Dr. Grayson Holmbeck (Loyola University): Dr. Holmbeck has presented in the past regarding his research with Camp Independence, a YMCA program specifically created to help children with spina bifida live more independently.  His research is unique in that it spans 15 years.  Many campers have returned over the years to Camp Independence, and one of his focus areas is to measure the long-term effectiveness of Camp Independence and the benefits of annual participation compared to participation less frequently.  Findings from this research suggest that repeated participation in the camp independence intervention improves independence.  However, repeated attendance at camp did not affect changes in social functioning.  This study is the first investigation in which each camper’s participation and functioning level were examined over multiple years.  More generally, it is the first study, to our knowledge, of the cumulative effects of any summer camp-based psychosocial Intervention.  Future goals include continuing to accumulate data on long-term campers with annual camp experiences versus campers who have participated in fewer camps.  Fortunately, the camp returned this year to an in-person experience, after two years of “virtual” camp.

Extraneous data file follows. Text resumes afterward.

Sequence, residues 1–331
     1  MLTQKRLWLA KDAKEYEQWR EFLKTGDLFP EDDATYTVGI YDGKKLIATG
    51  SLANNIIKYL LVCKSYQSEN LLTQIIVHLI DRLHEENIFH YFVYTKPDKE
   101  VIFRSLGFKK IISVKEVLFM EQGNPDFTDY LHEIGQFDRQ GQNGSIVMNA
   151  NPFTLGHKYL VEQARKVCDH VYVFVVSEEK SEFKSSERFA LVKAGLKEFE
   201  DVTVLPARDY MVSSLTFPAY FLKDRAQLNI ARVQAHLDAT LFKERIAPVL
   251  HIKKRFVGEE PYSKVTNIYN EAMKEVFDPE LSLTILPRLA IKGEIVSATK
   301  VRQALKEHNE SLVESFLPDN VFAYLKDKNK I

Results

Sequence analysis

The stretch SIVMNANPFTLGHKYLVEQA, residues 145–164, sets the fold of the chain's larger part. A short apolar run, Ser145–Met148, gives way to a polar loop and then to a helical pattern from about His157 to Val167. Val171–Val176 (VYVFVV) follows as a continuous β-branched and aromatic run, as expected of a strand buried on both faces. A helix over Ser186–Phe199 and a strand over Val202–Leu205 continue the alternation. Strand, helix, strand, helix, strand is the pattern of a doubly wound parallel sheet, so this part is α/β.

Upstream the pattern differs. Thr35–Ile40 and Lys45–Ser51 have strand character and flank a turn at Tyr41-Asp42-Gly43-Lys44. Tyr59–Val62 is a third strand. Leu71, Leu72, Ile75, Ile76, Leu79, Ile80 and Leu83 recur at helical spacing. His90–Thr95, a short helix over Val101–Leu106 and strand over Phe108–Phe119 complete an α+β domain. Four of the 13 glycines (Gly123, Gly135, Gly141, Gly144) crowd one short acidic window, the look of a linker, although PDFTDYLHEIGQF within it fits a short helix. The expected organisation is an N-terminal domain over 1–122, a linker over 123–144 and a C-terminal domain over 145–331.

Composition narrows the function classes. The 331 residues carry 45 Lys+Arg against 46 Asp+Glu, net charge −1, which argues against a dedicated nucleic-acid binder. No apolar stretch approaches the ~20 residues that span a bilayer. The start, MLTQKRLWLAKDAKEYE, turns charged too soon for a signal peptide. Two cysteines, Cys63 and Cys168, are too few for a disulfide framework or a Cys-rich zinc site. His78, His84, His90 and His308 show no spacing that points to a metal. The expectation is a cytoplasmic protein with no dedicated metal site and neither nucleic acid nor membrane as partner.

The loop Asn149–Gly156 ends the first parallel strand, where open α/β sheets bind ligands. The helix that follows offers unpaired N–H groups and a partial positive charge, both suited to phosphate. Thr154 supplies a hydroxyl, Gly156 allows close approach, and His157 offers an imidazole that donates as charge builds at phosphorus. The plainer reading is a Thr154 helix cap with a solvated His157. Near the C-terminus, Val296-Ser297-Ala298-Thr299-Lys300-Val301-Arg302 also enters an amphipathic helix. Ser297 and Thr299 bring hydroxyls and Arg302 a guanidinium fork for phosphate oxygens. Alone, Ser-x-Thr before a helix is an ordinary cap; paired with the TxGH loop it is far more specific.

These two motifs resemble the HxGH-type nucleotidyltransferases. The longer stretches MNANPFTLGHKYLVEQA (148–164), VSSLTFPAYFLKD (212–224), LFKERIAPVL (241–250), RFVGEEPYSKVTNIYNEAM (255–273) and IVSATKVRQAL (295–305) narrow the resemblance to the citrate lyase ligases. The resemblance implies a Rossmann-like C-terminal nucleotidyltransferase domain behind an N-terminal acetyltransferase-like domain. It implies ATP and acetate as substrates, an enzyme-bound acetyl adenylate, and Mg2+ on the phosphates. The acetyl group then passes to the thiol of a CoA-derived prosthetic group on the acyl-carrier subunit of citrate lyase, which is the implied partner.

Dr. Daniel Llano (U of I): Dr Llano developed a new method of assessing the cerebral microvasculature and blood flow in mice, called super-resolution ultrasound localization microscopy (ULM).  He found that aging causes a decrease in blood flow in multiple brain regions and an increase in the tortuosity of blood vessels.  Future goals include using ULM as a tool to study Alzheimer Disease (AD).  He has already found quite profound reductions in brain blood flow in mice with genetically-induced Alzheimer pathology, especially in brain structures known to be affected in people with AD.  Over the next year, he plans to characterize these changes further and determine 1) which brain regions show most AD-related changes and 2) what the time-course is for these changes.  He ultimately hopes to use ULM to assess therapeutic interventions in these AD mice.  Such interventions include aerobic exercise and neuroprotective agents.